On Saturday afternoon we made “The Loop”: Parry Sound, Orange Valley Road, Old Nippissing Road, South of Ahmic Lake, home via Hwy 124 and Hwy 529.
McDougall Rd, North end of Haines Lake:
McDougall Rd over one of the feeders to the Seguin River.
Broadbent/Orange Valley Rd:
Orange Valley Rd …
Old Nippissing Rd:
Ahmic Lake Rd … short cut from Old Nippissing to Hwy 124. I broke all of the rules with this one: A serious backlighting attempt. One huge lens flare which I tried to minimize in Lightroom 5.6.
Large farms and beautiful sugar maple forests south of Ahmic Lake.
This is worth clicking on to enlarge. A little bay off of Ahmic Lake, just south of Ahmic Harbour.
Yet another version of Twin Rivers, this time 4 minutes after sunset:
The winds are up to 20 km/h so I think the peak is passing now.
Just after daybreak we drove north and tread carefully on frost grass to get some nice shots …
Both of the above are at Straight Lake between Still River and Key River.
The next two were taken at Clear Lake, the part of Grundy Lake visible from Hwy 69:
Looking south from the Hwy 607 bridge abutment over the Murdock River:
Meshaw Falls of the French River.
Looking south from the entrance to the Pickerel River Reserve.
I then discharged some pleasant social obligations and went out later in the afternoon… this time to drive in a southerly direction.
Folks have been asking me about equipment and technique . I will write something about that later. Two thoughts seem valid (to me at least):
Equipment is dependent on user needs and capabilities. I have seen photos from Point and Shoot cameras and camera phones that are far more interesting than photos from fancy Canikon DSLRs. But I have also seen some photographs from DSLRs that could never be made with a simpler camera. Best thing is to use whatever you have to its limits.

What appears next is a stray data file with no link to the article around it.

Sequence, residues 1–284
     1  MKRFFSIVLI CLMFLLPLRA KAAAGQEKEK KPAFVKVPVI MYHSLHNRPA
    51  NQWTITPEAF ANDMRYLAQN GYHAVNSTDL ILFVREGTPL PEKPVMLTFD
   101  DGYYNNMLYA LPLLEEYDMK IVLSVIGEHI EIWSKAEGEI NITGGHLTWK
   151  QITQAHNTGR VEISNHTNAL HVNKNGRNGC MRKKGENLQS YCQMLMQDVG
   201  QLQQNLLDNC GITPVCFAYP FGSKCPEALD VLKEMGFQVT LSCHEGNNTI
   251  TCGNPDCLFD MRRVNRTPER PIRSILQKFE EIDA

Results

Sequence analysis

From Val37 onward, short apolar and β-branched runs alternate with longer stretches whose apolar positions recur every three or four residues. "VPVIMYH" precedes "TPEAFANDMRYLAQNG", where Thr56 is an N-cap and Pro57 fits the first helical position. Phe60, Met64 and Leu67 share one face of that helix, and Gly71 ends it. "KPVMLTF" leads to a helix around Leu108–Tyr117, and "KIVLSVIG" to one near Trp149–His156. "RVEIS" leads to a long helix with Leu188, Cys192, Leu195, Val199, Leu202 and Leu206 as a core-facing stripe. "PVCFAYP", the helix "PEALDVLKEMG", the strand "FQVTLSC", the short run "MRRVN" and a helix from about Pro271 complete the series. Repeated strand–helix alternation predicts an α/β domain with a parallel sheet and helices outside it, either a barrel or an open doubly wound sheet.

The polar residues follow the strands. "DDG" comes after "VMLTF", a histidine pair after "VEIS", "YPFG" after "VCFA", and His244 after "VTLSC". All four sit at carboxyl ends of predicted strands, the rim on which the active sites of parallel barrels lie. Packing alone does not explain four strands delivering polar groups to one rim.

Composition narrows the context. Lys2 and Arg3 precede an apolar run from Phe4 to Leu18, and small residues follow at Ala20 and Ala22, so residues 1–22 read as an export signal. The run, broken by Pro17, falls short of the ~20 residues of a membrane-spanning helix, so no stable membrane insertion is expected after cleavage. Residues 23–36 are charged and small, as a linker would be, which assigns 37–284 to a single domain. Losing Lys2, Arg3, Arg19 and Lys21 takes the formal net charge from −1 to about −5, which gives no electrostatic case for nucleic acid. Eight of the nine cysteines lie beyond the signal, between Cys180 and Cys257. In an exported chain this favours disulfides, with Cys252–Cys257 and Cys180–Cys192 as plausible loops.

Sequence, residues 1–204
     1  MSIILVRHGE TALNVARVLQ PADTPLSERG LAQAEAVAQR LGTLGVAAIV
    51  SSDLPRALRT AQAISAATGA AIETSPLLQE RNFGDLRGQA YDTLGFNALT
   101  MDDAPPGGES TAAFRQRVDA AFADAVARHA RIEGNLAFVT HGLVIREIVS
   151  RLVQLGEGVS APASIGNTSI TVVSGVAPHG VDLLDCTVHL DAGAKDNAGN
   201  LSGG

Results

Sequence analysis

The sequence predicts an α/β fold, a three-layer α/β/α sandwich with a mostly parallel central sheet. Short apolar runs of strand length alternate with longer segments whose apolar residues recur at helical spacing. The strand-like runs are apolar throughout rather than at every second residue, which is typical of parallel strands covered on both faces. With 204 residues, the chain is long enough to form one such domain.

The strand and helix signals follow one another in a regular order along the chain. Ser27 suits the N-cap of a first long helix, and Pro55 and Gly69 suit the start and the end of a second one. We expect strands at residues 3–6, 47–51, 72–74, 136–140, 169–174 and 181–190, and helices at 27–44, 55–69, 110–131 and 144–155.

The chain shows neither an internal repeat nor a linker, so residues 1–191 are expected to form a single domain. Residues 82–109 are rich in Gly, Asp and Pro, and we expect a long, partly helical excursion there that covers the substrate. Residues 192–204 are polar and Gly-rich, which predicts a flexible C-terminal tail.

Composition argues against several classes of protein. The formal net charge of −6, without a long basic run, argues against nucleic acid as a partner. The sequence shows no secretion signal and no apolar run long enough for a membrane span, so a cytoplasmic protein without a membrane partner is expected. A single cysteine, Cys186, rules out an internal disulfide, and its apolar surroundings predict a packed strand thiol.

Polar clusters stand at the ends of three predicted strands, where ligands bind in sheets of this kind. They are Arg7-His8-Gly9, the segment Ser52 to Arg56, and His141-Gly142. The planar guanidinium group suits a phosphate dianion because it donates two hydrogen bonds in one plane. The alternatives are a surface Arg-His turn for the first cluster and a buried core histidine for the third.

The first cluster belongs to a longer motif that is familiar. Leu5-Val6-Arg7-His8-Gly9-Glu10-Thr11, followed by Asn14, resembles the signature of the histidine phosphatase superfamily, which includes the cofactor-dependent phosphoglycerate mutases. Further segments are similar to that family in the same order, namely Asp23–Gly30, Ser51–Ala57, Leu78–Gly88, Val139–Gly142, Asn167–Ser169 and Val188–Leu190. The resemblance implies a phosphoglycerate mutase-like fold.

Technique: There are quite a few technical things to keep in mind when shooting “at the edge”… like the first two above. But even in those two, ENGAGEMENT is key. In other words MY best stuff happens when I am totally engaged with what I see, what I feel and what I want to communicate. I look into the scene instead of looking at the scene. I try to “grok” it, as Michael Valentine Smith would say.
I don’t use the word “compose” the way photography texts do, (with all of those “rules”!). Rather I tend to build the picture. I usually find lots of mini-images in a scene that I want to somehow put together. (The result of a diagnosed “over complex mind”?) In the top image I stopped to ask myself what were the excitements in the scene. The first thing was the pink mist curving down to that far point where the skyline dips down to almost kiss the reflection of the sky. Then as the sun rose, the dramatic colouration of the left horizon began to become dominant. So I moved around a bit so that I could “compose” the image with at least those two elements. Expert commercial photographers would probably have posted the image that I took about 3 minutes before this one. But I prefer the above ;… maybe because I enjoy the dynamic of moving my eyes from the left horizon to the osculation of horizon line and sky reflection. The three spruce trees are a bonus! Especially when I pull back a bit.